For those who wonder why some colleges are developing “proficiency ratings”, look no farther than California State University –  State Los Angeles.

Instead of focusing on teaching marketable skills, its professors just voted to require all students to take a course in race or ethnicity.  However, they but fail to adopt the proposal that course be taught in ethnic studies department. Inside Higher Ed’s Colleen Flaherty has the details.

Part ideological debate and part departmental turf war, a multiple-week conflict at California State University at Los Angeles has ended in the following resolution: Students will be required to take one course on race or ethnicity but they need not find that course in an ethnic studies department. The Academic Senate decision followed at-times-heated discussions among faculty and student protesters about just what diversity is and who should be teaching about it.

Faculty on both sides of the debate said the controversy helped open up dialogue about race on campus like never before.

“Clearly we face a long road with our colleagues, who demonstrated in the debate that they don’t understand ethnic studies as a discipline,” said Beth Baker-Cristales, head of Cal State Los Angeles’s Latin American studies department. But, she said, “I’ve been on campus 12 years now and this is the most meaningful and honest conversation about race we’ve ever had. That’s the wider success, the more important success.”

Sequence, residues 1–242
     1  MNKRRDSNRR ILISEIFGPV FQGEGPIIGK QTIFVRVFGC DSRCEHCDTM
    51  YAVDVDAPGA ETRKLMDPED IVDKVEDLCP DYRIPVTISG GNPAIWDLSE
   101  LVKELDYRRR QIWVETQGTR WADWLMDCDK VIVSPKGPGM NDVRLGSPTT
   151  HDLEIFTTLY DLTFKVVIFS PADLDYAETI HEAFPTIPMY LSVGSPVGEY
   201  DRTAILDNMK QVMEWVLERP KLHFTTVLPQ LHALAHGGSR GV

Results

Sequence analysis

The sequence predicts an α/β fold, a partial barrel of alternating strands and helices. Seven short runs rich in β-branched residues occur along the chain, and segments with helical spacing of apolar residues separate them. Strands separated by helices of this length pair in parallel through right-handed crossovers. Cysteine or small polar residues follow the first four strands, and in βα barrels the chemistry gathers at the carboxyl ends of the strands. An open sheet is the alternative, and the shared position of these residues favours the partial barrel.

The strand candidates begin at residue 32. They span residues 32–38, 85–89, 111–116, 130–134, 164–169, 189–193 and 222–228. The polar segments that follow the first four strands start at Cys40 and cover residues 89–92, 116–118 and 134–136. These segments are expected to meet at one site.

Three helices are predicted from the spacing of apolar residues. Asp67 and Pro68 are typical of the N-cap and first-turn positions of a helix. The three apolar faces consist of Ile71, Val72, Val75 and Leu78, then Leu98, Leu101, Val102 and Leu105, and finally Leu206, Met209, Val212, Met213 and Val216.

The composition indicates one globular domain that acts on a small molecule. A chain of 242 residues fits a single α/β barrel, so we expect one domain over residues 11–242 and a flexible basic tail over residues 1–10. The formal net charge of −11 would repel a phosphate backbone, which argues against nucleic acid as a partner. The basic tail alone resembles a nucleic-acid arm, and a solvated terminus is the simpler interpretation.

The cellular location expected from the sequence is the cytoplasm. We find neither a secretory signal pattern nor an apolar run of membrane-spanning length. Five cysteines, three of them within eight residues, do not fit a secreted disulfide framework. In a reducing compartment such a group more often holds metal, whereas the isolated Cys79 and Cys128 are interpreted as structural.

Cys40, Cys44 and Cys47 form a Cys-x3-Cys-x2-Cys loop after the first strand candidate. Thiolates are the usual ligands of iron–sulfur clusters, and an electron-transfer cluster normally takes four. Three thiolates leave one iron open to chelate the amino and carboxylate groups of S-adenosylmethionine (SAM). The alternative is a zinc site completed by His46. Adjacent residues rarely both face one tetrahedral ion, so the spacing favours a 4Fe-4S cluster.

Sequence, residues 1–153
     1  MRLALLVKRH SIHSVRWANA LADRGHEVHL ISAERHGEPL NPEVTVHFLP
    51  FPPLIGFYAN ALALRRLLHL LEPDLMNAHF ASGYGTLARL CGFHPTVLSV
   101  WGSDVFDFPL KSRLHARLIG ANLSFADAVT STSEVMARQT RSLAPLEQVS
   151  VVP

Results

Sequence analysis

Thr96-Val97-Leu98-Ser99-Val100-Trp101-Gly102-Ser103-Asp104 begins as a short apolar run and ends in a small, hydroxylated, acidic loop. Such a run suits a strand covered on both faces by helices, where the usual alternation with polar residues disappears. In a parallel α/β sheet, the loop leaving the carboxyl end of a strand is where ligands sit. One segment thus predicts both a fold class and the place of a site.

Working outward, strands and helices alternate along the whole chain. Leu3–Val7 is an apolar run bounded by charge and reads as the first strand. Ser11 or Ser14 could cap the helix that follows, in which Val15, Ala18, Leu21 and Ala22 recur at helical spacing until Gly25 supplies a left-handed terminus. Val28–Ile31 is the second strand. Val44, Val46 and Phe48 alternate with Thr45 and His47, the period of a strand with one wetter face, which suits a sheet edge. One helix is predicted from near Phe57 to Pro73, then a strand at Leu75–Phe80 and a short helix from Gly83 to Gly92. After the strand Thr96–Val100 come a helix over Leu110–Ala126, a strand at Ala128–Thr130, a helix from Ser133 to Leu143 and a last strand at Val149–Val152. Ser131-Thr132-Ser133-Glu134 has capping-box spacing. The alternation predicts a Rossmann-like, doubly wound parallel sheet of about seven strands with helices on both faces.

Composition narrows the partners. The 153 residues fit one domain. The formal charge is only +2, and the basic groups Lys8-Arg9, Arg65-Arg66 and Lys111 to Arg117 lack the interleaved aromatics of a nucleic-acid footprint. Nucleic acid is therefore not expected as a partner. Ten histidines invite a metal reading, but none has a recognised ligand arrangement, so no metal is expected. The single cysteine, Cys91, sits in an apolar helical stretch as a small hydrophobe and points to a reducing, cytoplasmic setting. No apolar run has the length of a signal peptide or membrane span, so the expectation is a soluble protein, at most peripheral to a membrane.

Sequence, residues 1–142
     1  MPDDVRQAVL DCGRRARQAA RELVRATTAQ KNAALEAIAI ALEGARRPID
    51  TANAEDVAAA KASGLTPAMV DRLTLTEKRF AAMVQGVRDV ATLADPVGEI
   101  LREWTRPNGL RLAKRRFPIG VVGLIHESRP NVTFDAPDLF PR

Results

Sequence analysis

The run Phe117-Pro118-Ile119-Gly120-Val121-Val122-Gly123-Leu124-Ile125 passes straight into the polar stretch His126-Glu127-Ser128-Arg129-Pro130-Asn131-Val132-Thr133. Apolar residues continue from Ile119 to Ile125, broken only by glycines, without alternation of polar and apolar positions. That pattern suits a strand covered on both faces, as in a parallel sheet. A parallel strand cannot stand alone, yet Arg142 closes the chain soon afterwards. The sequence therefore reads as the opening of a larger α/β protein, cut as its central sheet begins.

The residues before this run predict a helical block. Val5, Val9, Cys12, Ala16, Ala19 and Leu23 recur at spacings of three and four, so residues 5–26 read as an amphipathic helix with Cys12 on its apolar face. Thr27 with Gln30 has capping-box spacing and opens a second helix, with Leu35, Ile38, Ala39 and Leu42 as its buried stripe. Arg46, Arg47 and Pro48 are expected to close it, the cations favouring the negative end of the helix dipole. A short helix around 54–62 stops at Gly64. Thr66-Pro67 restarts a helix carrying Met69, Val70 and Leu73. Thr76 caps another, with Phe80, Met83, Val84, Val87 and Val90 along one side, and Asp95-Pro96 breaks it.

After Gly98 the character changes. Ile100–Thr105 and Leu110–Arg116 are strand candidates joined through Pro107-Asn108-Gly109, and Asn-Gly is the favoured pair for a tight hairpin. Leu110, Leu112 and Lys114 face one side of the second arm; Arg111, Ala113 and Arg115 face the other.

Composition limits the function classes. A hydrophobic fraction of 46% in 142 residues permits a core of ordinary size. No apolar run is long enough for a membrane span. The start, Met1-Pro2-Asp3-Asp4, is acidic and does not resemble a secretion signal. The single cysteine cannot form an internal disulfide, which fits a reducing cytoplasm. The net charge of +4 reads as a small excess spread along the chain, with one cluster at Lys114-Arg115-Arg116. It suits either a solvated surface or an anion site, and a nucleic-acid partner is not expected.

….The newly proposed language says students who have successfully completed diversity courses will be able to:

  • Demonstrate understanding of theoretical and practical factors of race, ethnicity, gender, gender identity, socioeconomic class, disability, sexuality, religion or age.
  • Demonstrate understanding of the intersectionality of these factors, with particular attention paid to race, ethnicity, gender, and socioeconomic class.
  • Demonstrate understanding of the diversity of intercultural and intracultural relationships.
  • Demonstrate civic literacy and an awareness of social justice that would enable effective participation in a diverse society.

Following that proposal, some faculty members put forth a proposal of their own: that at least one of the two required diversity courses be taken or at least cross-listed in one of the four ethnic studies departments – Asian/Asian-American studies, Chicano studies, Latin-American studies and Pan-African studies – specifically. That meant students couldn’t satisfy the diversity requirements in outside departments, such as history or sociology, alone. Currently, there are many courses in those and other departments that would qualify, as they focus on issues of race or ethnicity.